True to his determination, Tom Swift did not give up his experimental work on the silent motor. The machine that had been blown through the roof was useless now, and it was sent to the scrap heap, after as much of it as possible had been salvaged. Then Tom got another piece of apparatus out of his store room and began all over again.
He worked along the same lines as at first--providing a chamber for the escaping gases of the exhaust to expend their noise and energy in, at the same time laboring to cut down the concussion of the explosions in the cylinder without reducing their force any. And that it was no easy problem to do either of these, Tom had to admit as he progressed. All previous types of mufflers or silencers had to be discarded and a new one evolved.
"Jackson, I need some one to help me," said Tom to his chief mechanician one day. "Haven't you a good man who is used to experimental work that you can let me take from the works?"
"Why, yes," was the answer. "Let me see. Roberts is busy on the new bomb you got up, but I could take him off that--"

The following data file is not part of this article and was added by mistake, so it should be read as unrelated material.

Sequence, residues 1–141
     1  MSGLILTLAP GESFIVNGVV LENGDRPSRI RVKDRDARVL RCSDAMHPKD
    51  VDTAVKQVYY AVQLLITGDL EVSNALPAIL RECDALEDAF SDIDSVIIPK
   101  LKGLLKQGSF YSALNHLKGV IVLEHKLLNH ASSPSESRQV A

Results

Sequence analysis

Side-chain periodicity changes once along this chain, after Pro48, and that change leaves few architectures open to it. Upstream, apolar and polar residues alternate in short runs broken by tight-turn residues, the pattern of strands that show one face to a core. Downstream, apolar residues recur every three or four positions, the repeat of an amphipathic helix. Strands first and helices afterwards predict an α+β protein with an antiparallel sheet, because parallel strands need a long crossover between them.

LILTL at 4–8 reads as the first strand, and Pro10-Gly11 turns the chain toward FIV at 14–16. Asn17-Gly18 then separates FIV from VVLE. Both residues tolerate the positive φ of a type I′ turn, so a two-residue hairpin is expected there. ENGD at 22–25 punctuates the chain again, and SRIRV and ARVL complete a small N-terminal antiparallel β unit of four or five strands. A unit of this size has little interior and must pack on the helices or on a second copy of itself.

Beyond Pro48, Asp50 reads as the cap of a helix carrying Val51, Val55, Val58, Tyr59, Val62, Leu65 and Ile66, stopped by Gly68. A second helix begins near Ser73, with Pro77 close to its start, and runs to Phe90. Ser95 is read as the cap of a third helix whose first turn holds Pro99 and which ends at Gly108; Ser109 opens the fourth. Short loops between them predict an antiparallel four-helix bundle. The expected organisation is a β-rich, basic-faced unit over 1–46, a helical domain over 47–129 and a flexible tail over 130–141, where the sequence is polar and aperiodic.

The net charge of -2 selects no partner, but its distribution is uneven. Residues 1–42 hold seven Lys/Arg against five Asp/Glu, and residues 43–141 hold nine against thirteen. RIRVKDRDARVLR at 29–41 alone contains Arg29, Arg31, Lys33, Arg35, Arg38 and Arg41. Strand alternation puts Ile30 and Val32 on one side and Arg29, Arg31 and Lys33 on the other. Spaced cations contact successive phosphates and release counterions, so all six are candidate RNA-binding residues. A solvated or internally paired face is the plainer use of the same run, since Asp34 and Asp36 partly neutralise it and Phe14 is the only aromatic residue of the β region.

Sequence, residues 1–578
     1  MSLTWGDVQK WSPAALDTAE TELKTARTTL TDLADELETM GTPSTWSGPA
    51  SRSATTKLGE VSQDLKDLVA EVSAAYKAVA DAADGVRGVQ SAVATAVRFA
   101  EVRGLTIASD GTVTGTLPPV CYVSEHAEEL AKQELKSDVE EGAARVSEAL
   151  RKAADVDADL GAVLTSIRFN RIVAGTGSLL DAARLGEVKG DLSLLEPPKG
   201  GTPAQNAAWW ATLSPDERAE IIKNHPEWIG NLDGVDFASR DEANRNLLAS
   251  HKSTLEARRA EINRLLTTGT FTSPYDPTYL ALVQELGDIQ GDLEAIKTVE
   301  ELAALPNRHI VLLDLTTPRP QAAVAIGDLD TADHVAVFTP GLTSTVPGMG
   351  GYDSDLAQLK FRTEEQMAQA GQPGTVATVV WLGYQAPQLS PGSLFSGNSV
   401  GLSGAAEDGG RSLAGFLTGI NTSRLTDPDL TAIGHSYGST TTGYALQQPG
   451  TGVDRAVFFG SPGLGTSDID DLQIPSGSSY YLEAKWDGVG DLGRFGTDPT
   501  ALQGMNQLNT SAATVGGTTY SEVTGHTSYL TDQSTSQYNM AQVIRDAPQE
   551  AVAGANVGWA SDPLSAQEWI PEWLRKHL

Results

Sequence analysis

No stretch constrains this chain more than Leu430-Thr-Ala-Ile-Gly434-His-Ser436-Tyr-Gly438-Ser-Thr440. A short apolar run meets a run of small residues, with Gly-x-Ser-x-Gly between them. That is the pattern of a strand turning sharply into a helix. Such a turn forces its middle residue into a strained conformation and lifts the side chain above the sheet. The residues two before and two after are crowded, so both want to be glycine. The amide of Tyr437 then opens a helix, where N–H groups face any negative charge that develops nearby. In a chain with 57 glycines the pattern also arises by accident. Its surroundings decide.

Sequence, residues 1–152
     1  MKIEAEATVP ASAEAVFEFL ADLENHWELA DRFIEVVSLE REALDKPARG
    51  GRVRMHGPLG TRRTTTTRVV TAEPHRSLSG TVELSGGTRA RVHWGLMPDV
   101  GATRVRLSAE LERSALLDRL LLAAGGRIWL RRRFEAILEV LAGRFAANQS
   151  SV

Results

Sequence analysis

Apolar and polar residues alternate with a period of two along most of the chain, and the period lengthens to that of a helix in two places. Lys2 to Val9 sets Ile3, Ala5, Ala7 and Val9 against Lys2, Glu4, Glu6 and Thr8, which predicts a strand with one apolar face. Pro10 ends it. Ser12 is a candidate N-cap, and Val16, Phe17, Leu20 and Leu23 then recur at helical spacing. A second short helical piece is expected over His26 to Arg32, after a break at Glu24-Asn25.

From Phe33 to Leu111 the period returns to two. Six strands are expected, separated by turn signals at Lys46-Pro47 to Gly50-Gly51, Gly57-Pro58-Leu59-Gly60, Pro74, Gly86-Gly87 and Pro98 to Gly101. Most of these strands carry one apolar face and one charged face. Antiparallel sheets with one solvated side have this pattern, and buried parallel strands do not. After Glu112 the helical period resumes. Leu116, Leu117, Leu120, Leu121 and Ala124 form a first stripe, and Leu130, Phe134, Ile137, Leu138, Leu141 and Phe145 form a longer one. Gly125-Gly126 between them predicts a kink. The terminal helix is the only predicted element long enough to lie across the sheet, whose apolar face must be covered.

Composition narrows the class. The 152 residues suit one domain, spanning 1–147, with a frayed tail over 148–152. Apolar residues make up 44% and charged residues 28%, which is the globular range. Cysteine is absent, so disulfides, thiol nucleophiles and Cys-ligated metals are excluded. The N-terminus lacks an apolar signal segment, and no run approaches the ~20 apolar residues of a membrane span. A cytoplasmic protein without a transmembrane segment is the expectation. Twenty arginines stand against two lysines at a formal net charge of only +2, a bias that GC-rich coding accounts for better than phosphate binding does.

"No, don't!" interposed Tom. "I want that work to go on. Isn't there some one else you can let me have?"
"Well, there's a new man who came to me well recommended. I took him on last week, and he's a wonderful mechanic. Knows a lot about gas engines. I could let you have him--Bower his name is. The only thing about it, though, is that I don't like to give you a man of whom I am not dead certain, when you're working on a new device."
"Oh, that will be all right," said Tom. "There won't be any secrets he can get, if you mean you think he might be up to spy work."
"That's what I did mean, Tom. You never can tell, you know, and you have some bitter enemies."
"Yes, but I'll take care this man doesn't see the plans, or any of my drawings. I only want some one to do the heavy assembling work on the experimental muffler I'm getting up. We can let him think it's for a new kind of automobile."
"Oh, then I guess it will be all right. I'll send Bower to you."